Sex fantasies & food shopping | AllouAqui Dance Theatre ‘Milan’s Game’ | Review

Words by Katie Hagan. *please note this contains sexual references* Milan’s Game is 15+.

Nothing seems out-of-bounds in AllouAqui Dance Theatre Company’s Milan’s Game. Over the course of 52 minutes, audience members are swept up in a couple’s hurricane of highs and lows; whirling in the uninhibited romanticism of their ‘One Night in Paris’ fantasy only to crash land when things go beyond the fringe and get super absurd. Artistic directors Xavier De Santos and Delicia Sefiha play the part of Lucas and Zoe the combustible couple in question, who experiment with role play among other things to keep a staling 8-year relationship fresh.

Milan’s Game opens on a darkly lit, borderline domestic scene. It’s bijoux and mysterious, yet basic cream cushions strewn haphazardly on a sofa at the front of the stage foretell comfort and functionality. Zoe enters militant, standing feet apart. Lucas follows crawling, squeezing between Zoe’s anchored legs, Zoe jolting him with her knees. Ceremoniously she lifts a diamond necklace from her chest, pulls it tight and takes it to Lucas’ neck like a leash. 

With the necklace – her symbol of influence – back on her body, Zoe glides with goddess-like indifference to the front of the stage, beckoning to Lucas who drags his body like a sack of sand heavily to her ushering. Weighty, breathy, at times serpentine movement begins; the colourless and muffly white noise of Domenico Lopresti’s sound operation seeping in from the shadows.

Quite unexpectedly, the lights come up. “Zoe, did you go shopping today?” asks Lucas. A reference to food shopping ends Zoe’s dominance. Discussion turns to everyday routine and day-to-day-business, the scent of what came before ousted. Talk about a major sex turn off!!

Throughout Milan’s Game the dizzy rhythm chops and changes asymmetrically from the darkly sexual to the inert, encapsulating the excitement and mundanity that characterise long-term relationships. My logic tells me the transitions from one vignette to the other could be smoother, yet my irrationality revels in the drama of such flux. Besides, what relationship is always a breeze?

In its creation, the piece has daringly extrapolated taboos, confronting the likes of S&M, and fetish head-on as opposed to shirking from controversial topics in fear of reproach.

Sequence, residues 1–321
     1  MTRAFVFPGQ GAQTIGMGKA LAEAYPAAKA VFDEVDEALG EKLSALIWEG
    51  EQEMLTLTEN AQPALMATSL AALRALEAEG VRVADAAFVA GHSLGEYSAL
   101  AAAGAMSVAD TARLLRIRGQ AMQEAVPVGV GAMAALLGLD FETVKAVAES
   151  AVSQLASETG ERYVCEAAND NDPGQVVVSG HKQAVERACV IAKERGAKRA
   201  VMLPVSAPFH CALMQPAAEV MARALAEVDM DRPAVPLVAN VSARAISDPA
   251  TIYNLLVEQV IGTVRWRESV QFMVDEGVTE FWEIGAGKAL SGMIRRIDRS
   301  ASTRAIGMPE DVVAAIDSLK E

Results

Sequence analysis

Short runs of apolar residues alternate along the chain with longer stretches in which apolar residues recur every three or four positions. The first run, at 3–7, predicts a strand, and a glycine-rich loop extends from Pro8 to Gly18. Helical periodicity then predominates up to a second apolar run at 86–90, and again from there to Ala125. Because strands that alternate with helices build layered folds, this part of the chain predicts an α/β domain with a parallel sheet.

At one point, Zoe sits legs astride, slicing a watermelon open with a knife by her crotch. She feeds the fleshy slices to Lucas who lays languidly, eagerly eating them up. Implicitly explicit, it’s a bold, devilish and kinky scene illuminating the freakish tastes of foreplay.

Photo: Nigel Adams.

Milan’s Game is a candid portrayal of the fantasy, tenderness, humour and monotony within long-term relationships. Yet, with such an eyeball-to-eyeball focus on S&M and fetishes in the piece, could there be a seat reserved for some discussion about consent? Even when indulging in sexual fantasies within relationships where trust is obvious, should verbal consent still be a thing? I think so.

I’d avoid making a suggestion here if Milan’s Game was abstract. But, if Lucas and Zoe are comfortable enough to argue over bad food shopping behaviours, and casually swear at each other without causing offence, the reality is they’d probably bring consent to the table. I think there is definitely potential here to illuminate this.

Perhaps consent was not an area they wanted to get into in Milan’s Game and I am at fault, belabouring my point. Perhaps I have not grasped Milan’s Game’s intentions fully, either that or they’re not obvious enough. Maybe Milan’s Game is a criticism of getting too carried away when it comes to sex games. Certainly the critical eye could be developed here, as at present, I feel the satire is mainly in relation to the comedic ‘real life’ aspects such as unsexy food shopping (it’s hardly bedroom talk!)

In our current social context, I felt that certain aspects needed to be as explicit as the taboos the artists so valiantly put to question. The sex stuff that Milan’s Game brings to the fore is pretty damn hardcore after all.

Credits:

Performers: Delicia Sefiha, Xavier De Santos. Voice over: Samuel De la Torre (also AD of AllouAqui). Lighting technician: Alex Latham. Camera operators: Eve Betts, Mariana Marcelino, Samuel De La Torre. Sound operator: Domenico Lopresti. Assistants: Christine Hughes, Beatrice May. Header image: Nigel Adams.

Milan’s Game is available to watch for free until 17th June. Donations are welcome!